- To serve, arrange the raw red cabbage on the center of the escarole platter, topped by the mushrooms and ginger.
Cooking note: In the winter, I sometimes stir the minced ginger into the olive oil and butter before sautéing the mushrooms.
Maple-Roasted Brussels Sprouts
The recipe below is from chef Nicole Hoffmann, a graduate of the Western Culinary Institute in Portland, Oregon, who has run the school kitchen at Abernethy Elementary School in southeast Portland for over three years and teaches in its award-winning School Kitchen Garden program. She says that at Abernethy, the kids, before seeing Brussels sprouts in the cafeteria, have in some cases planted, harvested, and written papers about Brussels sprouts grown in the school garden. This super-simple recipe is easy enough for kids to make, and delicious for all ages.
1 tablespoon pure maple syrup
1 tablespoon olive oil
A large pinch of sea salt
1 pound Brussels sprouts, outer leaves removed, cut in half
- Preheat the oven to 400°F.
- In a large bowl, whisk together the maple syrup, olive oil, and salt. Then add the Brussels sprouts, stirring to coat them evenly. Place the sprouts in a single layer on a baking sheet lined with parchment paper.
- Bake for 10 to 12 minutes, or until the edges of the sprouts are crispy and insides are soft. Serve immediately.
And here is one more, featuring cauliflower and endive:
Roasted Cauliflower with Endive & Lemon
This is an elegant, restaurant-style side dish (or first course) that hails from Quinn’s Pub in Seattle, Washington. This popular gastropub offers food that aims to take bar food to the next level—of freshness, of sophistication, and of deliciousness.
½ large head cauliflower (about 1¾ pound whole)
3 to 4 tablespoons extra-virgin olive oil, divided
Salt and freshly ground pepper
1 head Belgian endive
1 teaspoon lemon zest
1 teaspoon fresh lemon juice
1 teaspoon champagne or white wine vinegar
2 teaspoons butter
2 to 3 tablespoons chicken or vegetable stock
1½ tablespoons finely sliced fresh mint leaves
- Place a rack in the center of the oven and heat to 385°F.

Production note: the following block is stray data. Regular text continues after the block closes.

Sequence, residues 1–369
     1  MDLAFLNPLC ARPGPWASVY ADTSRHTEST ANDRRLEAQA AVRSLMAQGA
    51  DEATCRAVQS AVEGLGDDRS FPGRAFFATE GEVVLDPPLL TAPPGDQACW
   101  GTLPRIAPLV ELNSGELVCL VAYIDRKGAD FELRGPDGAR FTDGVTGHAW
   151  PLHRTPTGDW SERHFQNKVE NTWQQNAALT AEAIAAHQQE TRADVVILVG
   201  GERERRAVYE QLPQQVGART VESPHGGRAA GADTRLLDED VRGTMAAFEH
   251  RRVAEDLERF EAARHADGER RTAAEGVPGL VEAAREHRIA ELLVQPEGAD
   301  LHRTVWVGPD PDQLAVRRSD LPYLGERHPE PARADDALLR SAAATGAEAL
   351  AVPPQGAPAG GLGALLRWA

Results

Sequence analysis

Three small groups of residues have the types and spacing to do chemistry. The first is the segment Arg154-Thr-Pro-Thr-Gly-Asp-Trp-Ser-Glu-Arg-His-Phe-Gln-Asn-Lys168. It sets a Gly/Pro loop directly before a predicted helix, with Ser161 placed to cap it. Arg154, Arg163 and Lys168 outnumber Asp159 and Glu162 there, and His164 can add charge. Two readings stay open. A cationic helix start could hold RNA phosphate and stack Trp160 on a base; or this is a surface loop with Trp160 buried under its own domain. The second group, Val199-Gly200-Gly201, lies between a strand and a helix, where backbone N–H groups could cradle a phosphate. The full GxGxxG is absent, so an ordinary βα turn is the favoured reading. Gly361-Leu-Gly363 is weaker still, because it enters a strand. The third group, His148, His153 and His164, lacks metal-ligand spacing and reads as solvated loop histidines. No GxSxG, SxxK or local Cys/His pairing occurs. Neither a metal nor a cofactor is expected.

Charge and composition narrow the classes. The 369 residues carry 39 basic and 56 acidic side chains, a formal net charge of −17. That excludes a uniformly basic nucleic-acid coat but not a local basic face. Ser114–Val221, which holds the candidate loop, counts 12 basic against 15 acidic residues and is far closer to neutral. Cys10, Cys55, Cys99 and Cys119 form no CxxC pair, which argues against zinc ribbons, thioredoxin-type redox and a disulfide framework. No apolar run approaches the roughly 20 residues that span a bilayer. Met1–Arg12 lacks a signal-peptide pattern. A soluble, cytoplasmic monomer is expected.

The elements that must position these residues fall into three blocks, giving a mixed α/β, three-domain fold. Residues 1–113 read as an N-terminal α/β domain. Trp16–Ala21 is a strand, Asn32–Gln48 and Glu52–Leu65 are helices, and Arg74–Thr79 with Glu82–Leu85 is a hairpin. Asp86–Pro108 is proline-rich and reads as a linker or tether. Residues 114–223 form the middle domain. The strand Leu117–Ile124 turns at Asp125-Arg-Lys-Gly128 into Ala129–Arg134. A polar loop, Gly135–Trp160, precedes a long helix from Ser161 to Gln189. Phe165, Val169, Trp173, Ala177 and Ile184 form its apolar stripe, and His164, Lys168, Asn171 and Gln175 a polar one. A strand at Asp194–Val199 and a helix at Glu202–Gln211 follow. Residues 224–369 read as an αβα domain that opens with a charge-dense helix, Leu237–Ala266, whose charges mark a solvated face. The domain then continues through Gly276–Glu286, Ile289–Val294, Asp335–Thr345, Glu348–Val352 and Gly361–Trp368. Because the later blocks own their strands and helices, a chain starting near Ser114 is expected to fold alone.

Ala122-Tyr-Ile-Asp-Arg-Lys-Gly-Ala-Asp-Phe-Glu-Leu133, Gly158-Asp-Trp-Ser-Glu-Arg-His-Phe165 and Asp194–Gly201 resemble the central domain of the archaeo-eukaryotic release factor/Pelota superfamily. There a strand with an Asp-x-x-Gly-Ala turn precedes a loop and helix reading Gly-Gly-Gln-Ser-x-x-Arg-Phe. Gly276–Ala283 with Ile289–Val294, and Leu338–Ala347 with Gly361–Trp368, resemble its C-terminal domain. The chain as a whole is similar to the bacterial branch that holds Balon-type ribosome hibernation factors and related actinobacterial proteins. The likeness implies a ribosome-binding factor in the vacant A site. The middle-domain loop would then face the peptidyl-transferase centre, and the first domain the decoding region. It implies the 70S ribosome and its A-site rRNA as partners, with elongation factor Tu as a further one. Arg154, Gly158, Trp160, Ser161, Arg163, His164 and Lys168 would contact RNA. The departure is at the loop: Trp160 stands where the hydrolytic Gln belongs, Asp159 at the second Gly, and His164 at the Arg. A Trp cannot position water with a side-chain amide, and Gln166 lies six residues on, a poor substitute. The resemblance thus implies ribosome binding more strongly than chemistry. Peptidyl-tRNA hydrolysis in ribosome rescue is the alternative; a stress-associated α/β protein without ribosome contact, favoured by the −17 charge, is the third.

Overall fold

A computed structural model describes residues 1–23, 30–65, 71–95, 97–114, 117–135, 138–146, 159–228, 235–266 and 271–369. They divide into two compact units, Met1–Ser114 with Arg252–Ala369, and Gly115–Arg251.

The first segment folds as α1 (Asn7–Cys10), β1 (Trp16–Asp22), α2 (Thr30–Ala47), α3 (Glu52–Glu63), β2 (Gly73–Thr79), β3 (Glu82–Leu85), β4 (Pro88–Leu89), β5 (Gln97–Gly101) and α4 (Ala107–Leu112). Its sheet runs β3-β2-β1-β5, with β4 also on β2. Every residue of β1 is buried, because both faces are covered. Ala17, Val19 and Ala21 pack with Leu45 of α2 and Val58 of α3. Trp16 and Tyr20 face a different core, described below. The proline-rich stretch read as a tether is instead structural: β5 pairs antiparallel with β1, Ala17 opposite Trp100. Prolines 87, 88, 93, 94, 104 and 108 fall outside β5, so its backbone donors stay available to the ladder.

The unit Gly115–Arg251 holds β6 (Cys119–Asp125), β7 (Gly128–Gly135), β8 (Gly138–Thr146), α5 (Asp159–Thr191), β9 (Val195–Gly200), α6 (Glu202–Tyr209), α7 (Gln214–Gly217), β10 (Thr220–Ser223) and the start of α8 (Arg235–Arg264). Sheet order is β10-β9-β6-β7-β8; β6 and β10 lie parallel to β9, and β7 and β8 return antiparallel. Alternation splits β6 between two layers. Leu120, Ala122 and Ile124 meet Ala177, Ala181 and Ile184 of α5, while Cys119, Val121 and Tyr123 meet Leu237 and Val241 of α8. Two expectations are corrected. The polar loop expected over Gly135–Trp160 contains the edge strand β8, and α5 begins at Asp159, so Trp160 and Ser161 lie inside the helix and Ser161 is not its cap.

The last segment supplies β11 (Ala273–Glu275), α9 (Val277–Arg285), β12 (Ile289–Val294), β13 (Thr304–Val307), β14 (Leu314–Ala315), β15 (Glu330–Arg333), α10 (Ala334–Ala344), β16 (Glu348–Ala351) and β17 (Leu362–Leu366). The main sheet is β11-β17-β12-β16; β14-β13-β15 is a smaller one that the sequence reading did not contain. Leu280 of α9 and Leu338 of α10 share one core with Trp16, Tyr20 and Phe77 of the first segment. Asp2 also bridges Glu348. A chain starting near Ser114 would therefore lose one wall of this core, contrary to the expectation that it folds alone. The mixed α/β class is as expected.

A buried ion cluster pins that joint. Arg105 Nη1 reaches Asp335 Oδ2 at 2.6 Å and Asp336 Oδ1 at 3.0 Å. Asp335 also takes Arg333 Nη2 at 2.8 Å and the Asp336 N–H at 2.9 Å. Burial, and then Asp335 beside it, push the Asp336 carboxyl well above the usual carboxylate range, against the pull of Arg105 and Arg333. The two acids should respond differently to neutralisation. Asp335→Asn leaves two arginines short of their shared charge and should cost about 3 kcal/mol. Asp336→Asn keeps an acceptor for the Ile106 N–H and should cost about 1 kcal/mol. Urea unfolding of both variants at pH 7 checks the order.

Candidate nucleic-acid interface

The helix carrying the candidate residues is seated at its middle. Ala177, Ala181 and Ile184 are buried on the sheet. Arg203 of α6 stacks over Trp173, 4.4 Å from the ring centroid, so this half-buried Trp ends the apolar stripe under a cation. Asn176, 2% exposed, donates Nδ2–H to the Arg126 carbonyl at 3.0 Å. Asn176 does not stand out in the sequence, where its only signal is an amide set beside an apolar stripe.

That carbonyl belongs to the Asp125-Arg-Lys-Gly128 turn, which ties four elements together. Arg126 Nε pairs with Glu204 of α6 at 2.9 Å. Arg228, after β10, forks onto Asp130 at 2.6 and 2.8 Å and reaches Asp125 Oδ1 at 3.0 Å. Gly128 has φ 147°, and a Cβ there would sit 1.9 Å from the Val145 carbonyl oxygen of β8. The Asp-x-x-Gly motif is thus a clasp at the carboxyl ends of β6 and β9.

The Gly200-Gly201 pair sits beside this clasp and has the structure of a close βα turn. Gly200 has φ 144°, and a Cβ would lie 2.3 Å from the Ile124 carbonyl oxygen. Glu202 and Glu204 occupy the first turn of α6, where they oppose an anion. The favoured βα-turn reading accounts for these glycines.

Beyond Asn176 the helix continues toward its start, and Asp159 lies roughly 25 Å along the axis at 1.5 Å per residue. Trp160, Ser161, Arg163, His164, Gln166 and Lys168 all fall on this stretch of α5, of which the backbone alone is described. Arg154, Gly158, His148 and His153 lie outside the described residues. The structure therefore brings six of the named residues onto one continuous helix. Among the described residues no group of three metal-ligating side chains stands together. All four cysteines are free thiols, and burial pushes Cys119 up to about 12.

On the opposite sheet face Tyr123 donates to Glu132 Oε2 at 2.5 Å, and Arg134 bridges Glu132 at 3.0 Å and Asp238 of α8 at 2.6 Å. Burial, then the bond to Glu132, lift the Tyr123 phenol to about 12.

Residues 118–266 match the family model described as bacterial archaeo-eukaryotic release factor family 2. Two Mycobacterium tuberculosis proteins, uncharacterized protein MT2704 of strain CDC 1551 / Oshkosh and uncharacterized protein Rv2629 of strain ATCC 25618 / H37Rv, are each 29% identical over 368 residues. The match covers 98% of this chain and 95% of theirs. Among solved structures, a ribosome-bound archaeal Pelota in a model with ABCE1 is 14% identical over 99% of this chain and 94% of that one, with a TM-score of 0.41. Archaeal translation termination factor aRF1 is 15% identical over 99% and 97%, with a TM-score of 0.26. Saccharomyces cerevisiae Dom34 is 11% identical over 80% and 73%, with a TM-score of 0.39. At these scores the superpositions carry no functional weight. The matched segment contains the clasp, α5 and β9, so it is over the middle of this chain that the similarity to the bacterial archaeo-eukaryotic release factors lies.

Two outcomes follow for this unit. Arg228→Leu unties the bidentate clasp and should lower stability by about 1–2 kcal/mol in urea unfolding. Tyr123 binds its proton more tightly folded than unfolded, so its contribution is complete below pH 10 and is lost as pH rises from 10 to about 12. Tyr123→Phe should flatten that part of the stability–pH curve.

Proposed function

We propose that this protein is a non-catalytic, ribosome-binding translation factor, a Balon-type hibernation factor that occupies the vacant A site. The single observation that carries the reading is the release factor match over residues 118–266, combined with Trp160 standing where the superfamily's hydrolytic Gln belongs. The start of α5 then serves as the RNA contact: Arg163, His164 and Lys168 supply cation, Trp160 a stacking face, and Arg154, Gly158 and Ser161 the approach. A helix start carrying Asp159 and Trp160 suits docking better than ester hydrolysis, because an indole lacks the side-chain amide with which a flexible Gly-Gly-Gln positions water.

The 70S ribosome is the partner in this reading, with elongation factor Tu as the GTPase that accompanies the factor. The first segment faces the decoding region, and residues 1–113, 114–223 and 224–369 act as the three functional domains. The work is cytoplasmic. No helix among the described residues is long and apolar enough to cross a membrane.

- Cut the cauliflower into medium florets, then cut the florets into thick slices. (They will vary in size, but the idea is to create some flat surfaces that will rest on the pan and caramelize nicely.) Toss the florets with 2 to 3 tablespoons olive oil, a few big pinches of salt, and several grinds of pepper. Spread them, flat sides down, on a heavy baking sheet. Bake for 20 to 30 minutes, or until they are tender and golden brown. Transfer the pieces to a plate and set aside.
- Meanwhile, trim the Belgian endive and separate it into leaves. Rub the leaves with another tablespoon or so of the olive oil to coat the surfaces. Sprinkle lightly with salt. Place the leaves on the baking sheet that you used for the cauliflower and roast for 5 minutes, or until the leaves are slightly softened and just barely brown around the edges. Remove from the oven. Sprinkle the leaves with the lemon zest, lemon juice, and vinegar. Cover with foil to keep warm.
- To finish, heat a sauté pan over medium-high heat with the butter and chicken stock. Add the cauliflower pieces and cook, tossing to distribute the butter and stock, until the pan is dry.
- To finish, sprinkle the fresh mint over the endive leaves. Put the cauliflower into a shallow bowl and tuck the endive leaves onto and around it. Serve immediately.
— Adapted from Quinn’s Pub, Seattle, Washington, by Lisa Gordanier
About the photos: Top: Nikki, a Full Moon Farm employee, shows off just-harvested kale and collards. CSA members assemble their own shares on pickup day. They can choose which items to take from a bin. They can also choose from a box of grouped items, such as three pounds of onions and/or potatoes and they can take one variety of potatoes or a mix of them. Photo courtesy of Full Moon Farm, Inc. Second: Delicata squash, courtesy of Winter Green Farm, Noti, Oregon.
About the author: This week’s blog post comes from Martha Wagner, a Portland, Oregon-based food writer, gardener, and passionate advocate for sustainable living, wellness, and organic agriculture.